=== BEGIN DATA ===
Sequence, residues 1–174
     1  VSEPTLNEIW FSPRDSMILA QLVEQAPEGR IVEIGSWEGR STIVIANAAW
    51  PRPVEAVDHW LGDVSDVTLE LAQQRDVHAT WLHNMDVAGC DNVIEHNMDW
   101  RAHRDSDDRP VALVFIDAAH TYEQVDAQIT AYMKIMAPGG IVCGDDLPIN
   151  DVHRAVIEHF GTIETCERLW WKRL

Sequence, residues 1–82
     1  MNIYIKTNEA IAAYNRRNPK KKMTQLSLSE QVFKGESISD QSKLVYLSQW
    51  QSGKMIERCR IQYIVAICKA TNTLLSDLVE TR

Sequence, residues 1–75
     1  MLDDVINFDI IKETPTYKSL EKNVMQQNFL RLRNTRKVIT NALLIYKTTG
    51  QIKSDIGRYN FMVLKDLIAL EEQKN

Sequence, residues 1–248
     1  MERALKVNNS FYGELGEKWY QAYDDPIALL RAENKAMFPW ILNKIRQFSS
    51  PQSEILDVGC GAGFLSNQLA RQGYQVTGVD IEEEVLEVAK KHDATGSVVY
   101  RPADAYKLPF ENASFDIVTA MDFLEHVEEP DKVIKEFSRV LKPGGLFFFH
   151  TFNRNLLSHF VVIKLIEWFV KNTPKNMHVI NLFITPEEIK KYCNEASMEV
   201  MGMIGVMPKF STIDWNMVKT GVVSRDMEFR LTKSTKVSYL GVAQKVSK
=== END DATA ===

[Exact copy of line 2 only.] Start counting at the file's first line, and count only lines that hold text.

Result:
     1  VSEPTLNEIW FSPRDSMILA QLVEQAPEGR IVEIGSWEGR STIVIANAAW